What if I moved to Florida, which Bankruptcy Exemptions apply?

As a Ft. Lauderdale Bankruptcy attorney, the issue of which property is exempt from creditors and that may be retained by the debtor must be reviewed in every case.  A recent case brings to mind one intriguing issue I want to mention here.  What if a person moves to Florida from another state?  The debtor may use the Florida exemption law only if the person resided in Florida for more than 730 days.  That’s the easy part.  But if the debtor has not resided in Florida for that long of a period of time, than the debtor must use the law based on where the debtor resided the majority of time in the 6 months prior to 730 days ago.  There is a split in case law on how to interpret this issue.  The details on this issue can be reviewed by Attorneys and non-attorneys in the article I wrote for attorneys at www.solomonlawoffice.com   Here, I want to mention  the recent case of  In re Houston, 2010 Bankr Lexis 1164(Bankr S. D.  Tex.  March 11, 2010).   The court concluded that BAPCPA preempts state law on this issue, disagreeing with reported Florida bankruptcy decisions.  Essentially,  the court held that certain exemptions must be applied as if the debtor still resided in the prior state, and even  if the property is located in the new state.  This view differs from the view that if the prior state’s law says its exemption laws do not apply to non-residents,  than only federal exemptions apply.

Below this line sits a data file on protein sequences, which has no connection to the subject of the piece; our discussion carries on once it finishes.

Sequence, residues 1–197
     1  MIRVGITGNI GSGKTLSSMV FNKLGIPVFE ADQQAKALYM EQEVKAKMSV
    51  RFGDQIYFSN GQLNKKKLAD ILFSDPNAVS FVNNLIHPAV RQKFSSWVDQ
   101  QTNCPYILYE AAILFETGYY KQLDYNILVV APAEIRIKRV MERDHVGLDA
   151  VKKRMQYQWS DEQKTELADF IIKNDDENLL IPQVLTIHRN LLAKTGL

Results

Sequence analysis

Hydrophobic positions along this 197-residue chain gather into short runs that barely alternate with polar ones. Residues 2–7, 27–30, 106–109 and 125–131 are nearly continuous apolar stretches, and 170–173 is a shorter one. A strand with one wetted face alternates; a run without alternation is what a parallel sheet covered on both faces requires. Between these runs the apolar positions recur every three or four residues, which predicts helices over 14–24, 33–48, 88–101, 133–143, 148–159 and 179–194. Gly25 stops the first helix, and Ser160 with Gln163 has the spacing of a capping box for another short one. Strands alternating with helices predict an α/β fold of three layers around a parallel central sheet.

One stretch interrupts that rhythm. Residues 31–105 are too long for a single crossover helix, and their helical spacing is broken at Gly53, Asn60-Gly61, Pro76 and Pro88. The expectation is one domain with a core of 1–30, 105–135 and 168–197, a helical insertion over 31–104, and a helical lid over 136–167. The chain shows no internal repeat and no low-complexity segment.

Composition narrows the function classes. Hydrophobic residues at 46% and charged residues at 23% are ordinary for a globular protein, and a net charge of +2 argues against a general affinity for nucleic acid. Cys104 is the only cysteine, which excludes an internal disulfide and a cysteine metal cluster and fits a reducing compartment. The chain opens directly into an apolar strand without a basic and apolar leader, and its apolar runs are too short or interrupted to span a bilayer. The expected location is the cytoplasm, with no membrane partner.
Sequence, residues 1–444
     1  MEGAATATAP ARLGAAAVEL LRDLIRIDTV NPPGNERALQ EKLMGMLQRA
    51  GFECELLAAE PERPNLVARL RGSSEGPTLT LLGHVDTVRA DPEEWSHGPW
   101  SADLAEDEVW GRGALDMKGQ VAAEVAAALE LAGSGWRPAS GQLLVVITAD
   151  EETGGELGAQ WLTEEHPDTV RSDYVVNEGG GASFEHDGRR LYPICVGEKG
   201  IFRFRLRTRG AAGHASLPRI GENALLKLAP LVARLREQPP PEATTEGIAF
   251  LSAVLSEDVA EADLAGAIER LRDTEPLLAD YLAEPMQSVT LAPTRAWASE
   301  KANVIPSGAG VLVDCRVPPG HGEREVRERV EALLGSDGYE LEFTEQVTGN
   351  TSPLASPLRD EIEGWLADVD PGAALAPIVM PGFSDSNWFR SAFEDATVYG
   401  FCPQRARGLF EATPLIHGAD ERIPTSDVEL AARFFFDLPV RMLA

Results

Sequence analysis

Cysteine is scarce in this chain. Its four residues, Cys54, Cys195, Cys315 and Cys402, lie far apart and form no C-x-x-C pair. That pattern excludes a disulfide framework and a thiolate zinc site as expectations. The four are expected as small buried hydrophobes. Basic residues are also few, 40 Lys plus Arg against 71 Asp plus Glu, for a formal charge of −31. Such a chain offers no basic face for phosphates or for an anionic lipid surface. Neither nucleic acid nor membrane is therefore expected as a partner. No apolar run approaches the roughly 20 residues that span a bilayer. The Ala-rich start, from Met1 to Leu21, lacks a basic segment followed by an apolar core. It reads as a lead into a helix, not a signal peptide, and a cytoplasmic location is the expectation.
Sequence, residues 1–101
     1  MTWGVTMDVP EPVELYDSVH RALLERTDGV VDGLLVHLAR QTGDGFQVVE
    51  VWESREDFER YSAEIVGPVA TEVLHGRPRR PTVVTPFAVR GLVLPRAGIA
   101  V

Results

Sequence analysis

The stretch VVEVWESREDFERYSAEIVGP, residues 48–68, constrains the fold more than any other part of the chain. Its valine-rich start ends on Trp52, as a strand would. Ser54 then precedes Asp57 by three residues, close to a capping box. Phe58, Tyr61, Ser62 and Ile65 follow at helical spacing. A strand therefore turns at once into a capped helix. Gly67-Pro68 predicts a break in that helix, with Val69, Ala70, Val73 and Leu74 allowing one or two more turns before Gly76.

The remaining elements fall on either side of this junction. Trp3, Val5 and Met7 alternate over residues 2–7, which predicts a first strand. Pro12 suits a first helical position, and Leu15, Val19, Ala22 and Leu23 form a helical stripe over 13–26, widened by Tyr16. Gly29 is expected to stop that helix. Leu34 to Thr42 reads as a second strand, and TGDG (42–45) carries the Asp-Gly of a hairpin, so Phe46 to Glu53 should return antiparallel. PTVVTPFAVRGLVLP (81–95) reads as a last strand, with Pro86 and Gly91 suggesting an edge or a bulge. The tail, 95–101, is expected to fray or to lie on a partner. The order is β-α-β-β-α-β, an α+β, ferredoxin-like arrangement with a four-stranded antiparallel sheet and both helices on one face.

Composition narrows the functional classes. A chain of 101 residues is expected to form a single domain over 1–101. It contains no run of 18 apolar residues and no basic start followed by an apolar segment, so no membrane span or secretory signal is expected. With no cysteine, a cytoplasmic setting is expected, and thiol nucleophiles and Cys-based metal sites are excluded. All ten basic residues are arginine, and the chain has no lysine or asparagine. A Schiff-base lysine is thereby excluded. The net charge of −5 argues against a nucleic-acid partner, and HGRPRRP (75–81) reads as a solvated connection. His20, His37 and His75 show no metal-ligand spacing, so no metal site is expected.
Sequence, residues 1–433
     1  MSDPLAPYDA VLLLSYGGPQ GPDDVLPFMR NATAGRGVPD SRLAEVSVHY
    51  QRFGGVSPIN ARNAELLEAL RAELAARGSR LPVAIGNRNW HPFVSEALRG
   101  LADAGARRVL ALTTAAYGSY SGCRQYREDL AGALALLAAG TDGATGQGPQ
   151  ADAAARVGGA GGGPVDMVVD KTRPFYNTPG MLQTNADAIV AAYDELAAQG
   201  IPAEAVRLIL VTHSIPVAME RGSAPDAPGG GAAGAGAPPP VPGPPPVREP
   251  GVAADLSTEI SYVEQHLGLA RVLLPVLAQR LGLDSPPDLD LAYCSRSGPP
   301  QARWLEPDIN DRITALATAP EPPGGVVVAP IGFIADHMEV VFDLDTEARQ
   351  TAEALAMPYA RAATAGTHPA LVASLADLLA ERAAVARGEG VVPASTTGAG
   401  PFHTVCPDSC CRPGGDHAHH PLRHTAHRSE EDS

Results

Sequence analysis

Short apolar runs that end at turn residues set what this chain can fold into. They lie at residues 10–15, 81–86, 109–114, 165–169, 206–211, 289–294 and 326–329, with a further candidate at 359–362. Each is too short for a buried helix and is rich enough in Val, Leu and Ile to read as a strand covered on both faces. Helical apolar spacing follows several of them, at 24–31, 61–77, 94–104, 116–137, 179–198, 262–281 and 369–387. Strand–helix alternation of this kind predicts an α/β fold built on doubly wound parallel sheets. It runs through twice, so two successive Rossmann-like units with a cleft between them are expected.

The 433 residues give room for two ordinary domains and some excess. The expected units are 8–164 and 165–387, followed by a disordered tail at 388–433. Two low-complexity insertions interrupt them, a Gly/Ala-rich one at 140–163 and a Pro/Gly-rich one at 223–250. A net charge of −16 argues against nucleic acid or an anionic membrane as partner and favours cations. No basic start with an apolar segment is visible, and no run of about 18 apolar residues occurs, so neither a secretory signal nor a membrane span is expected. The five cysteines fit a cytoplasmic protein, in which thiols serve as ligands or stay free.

What does all this mean?  For most debtors,  probably nothing.  But in certain cases,  the assets that the debtor who moves between states can retain might differ depending on the interpretation.  In particular, the proper interpretation might have a greater effect on debtors who move from Florida which has an unlimited homestead protection to a new state which does not but might have a way of protecting an unlimited homestead if bankruptcy is filed within 730 days.  If you have moved to Florida, contact Ft. Lauderdale bankruptcy attorney Jeffrey Solomon to review whether you should file bankruptcy sooner or later than the 730 days.



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